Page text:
ALBANY, N.Y. (AP) — A once-prominent auto dealer urged the top court in New York state on Tuesday to overturn his conviction for murdering his missing wife, citing limited circumstantial evidence and trial errors.
Defense attorney William Easton told the Court of Appeals that motive and intent, without a body, are not enough in this case. His client Calvin L. Harris, now 51, was convicted of killing the mother of their four children 11 years ago during a fractious divorce. He is in Auburn state prison, eligible for parole in 2034.
"There was DNA evidence from blood, but there was blood of extremely small volume of indeterminate age in the residence of the victim," Easton said. "There is motive and intent. We would say the motive and intent would not be enough in this case without a body or an explanation."
The defense lawyer has maintained there's no viable theory for how Harris could have killed her at the house where they both still lived with their children, then disposed of her body within the supposed time frame, less than eight hours, and the limited geography. Harris called the baby sitter about 7 a.m. the next morning, saying his wife hadn't come home and he needed help getting the kids ready for the day. The couple lived in Spencer, a small community in New York's Southern Tier, which stretches along Pennsylvania's northern border.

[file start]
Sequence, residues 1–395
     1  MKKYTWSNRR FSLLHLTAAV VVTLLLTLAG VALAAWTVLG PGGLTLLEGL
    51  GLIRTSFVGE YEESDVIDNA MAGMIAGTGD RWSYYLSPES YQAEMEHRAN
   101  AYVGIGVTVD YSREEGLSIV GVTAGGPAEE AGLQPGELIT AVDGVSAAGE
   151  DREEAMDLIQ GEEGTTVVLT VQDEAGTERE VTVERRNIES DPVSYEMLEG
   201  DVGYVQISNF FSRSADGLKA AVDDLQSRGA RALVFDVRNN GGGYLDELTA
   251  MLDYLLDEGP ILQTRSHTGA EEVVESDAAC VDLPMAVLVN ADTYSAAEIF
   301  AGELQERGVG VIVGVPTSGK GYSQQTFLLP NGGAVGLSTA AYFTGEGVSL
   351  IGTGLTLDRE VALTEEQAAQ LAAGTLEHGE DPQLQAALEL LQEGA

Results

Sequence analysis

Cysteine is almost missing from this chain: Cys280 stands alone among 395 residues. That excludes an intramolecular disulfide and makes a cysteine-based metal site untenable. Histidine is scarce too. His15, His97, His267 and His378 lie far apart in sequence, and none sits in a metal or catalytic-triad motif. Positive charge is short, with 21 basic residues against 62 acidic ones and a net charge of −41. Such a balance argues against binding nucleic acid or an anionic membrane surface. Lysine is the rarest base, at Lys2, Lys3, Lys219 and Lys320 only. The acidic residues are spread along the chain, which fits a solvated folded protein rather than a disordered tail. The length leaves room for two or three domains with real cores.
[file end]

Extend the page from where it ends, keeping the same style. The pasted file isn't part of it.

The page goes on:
Tioga County District Attorney Gerald Keene argued Tuesday there also was an overheard threat by Harris, and he emphasized the small blood spatters and that the house was in a remote area.
Michele Harris, then 35, was last seen leaving work as a waitress the evening after the 9/11 terror attacks, though a later witness said he saw someone resembling her about 5:30 a.m. the next morning arguing outside her home with another man.